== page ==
2. Barbara Anselmo

    My husband and I are 75. For the last few years our benefits have continued to be reduced I claimed disability about 8 years ago (secondary progressive multiple sclerosis) and was collecting about $700, Now I’m down to $460. My husband is also down about $100, Is this because we gave our children money from our 401k thus raising our income?

    Reply
    • Ann Clifton, Public Affairs Specialist

      Hi, Barbara. For your security, we do not have access to private information in this venue. We ask that members in our Blog community to work with their local Social Security office on specific questions about their case. Thanks.

      Reply
  3. Ruth Ann Olson

    Problem: I need a copy of my salary and Medicare for the year of 2018 as I do not have a record of what my Social Security and Medicare payments to me each month is, separated out. I cannot access my online account. Maybe to make it easier, if you could tell me my percentage of Medicare on my monthly check. I can figure what the Social Security is as I have that as a deposit. Just need to know the Medicare amount so I can deduct it from my taxes. Thank you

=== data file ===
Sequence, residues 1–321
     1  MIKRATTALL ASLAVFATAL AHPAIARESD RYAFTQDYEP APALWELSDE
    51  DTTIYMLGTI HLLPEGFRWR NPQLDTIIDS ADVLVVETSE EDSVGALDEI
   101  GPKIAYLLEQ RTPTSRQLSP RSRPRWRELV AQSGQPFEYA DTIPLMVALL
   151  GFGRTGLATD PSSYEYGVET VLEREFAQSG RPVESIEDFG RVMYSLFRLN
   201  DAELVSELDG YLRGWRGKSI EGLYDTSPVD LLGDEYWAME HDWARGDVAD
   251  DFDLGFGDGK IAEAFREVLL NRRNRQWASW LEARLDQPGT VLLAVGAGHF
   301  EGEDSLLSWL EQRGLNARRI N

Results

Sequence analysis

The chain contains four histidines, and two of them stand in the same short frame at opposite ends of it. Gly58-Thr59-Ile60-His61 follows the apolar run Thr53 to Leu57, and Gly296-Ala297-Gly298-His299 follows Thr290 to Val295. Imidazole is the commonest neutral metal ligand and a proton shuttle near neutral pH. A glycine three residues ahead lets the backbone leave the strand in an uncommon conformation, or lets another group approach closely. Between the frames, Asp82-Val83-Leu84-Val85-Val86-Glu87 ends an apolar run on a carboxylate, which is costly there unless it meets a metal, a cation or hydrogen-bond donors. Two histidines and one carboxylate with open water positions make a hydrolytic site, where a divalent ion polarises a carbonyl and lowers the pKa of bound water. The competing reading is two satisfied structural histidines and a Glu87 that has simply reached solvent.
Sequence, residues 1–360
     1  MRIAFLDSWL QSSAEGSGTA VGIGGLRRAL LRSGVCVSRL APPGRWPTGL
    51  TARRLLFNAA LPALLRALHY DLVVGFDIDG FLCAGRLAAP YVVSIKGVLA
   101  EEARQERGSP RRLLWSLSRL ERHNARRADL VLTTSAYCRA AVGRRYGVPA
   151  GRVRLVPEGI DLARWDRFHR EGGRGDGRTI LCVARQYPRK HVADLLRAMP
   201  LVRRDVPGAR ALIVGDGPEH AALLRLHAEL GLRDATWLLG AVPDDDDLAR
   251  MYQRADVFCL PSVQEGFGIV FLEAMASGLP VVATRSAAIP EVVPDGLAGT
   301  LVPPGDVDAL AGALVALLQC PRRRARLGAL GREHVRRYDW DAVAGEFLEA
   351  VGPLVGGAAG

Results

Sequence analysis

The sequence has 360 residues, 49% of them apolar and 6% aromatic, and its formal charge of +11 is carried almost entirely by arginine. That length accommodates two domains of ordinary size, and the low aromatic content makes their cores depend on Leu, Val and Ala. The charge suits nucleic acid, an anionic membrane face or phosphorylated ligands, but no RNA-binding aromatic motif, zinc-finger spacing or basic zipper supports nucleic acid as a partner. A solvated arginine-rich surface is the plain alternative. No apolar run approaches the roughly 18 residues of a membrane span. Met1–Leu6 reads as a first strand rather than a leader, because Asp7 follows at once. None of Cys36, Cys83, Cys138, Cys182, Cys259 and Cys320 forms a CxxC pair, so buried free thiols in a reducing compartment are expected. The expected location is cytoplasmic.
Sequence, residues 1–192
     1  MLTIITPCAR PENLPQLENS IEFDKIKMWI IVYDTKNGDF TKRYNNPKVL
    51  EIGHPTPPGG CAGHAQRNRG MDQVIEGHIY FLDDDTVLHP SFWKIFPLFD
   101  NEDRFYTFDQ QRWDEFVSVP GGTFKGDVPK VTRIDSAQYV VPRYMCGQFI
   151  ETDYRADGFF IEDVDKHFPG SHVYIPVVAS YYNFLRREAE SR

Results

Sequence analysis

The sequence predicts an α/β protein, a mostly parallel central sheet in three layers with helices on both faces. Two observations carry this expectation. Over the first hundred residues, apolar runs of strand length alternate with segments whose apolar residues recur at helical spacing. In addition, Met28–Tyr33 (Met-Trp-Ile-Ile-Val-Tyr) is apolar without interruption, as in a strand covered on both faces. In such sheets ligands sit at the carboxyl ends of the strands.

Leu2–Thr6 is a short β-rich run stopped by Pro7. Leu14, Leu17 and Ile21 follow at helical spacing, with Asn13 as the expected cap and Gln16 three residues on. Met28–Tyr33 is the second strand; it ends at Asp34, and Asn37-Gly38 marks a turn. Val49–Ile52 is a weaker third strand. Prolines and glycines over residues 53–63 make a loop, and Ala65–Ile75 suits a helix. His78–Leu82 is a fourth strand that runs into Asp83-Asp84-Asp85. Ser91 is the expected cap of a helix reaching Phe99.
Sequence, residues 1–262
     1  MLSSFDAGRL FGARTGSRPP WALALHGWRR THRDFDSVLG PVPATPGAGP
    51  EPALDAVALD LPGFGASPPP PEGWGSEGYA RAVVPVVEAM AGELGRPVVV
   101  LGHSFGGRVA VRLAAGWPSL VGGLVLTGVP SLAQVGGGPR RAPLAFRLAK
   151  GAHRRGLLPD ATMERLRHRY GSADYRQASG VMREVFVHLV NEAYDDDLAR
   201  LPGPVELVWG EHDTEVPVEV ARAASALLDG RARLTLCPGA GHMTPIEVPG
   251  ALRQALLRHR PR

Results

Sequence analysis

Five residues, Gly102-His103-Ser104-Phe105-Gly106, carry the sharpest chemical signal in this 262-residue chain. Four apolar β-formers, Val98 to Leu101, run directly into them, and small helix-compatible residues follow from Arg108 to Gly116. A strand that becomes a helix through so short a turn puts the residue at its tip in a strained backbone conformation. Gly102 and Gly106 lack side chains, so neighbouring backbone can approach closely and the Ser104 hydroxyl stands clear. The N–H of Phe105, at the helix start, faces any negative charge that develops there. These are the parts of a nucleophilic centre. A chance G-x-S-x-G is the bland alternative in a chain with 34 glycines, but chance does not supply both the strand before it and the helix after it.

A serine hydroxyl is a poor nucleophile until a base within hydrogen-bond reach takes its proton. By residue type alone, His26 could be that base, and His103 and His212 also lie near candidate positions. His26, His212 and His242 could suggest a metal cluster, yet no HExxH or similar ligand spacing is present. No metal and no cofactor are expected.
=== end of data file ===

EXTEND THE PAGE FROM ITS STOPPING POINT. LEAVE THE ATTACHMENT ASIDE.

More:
Reply
  4. michael harder

    I can’t sign is as existing nor new. can’t get password through

    Reply
  5. Carol Tielking

    I have seizures, but I did work in the past until it got worse. I would like to work ”maybe” a few hrs a week IF I can call my Dr into it for I am bored at home. I also need More then $799.00 a month. Prices are going up so quickly BUT not the checks. IF I was able to get a job, would I lose my Medicare. I worry for I need to see my Doctor and NEED my Medications. Do you know what would happen for no one would give someone who works PT. Thank you for your time.

    Reply
    • Luis A., Public Affairs Specialist

      Hi Carol. It may be possible for you to work while you are receiving disability benefits. Whether you are receiving Social Security Disability Insurance (SSDI) or Supplemental Security Income (SSI), it is important to let us know promptly when you start or stop working, or if any other change occurs that could affect your benefits. We have programs that may help you with your situation. You can learn more about how work can affect your benefits by reading our publication titled “Working while Disabled- How We Can Help.”
      For your security, we do not have access to information about your account on this forum. We do ask that you contact your local Social Security office with questions about your specific case, or you can call our toll-free number at 1-800-772-1213 (TTY 1-800-325-0778) between 7 a.m. and 7 p.m., Monday through Friday. You will generally have a shorter wait time if you call later in the week. We hope this helps.

      Reply
  6. Jay Alan Huminsky

    I am over age 65 and an eligible participant in my employers welfare benefit plan. I would like to continue my High Deductible Health plan and received employer contribution to my Health Savings Account (HSA), but understand I cannot do that because I am eligible for Medicare Part A. Can I suspend my Part A?

    Reply
    • Luis A., Public Affairs Specialist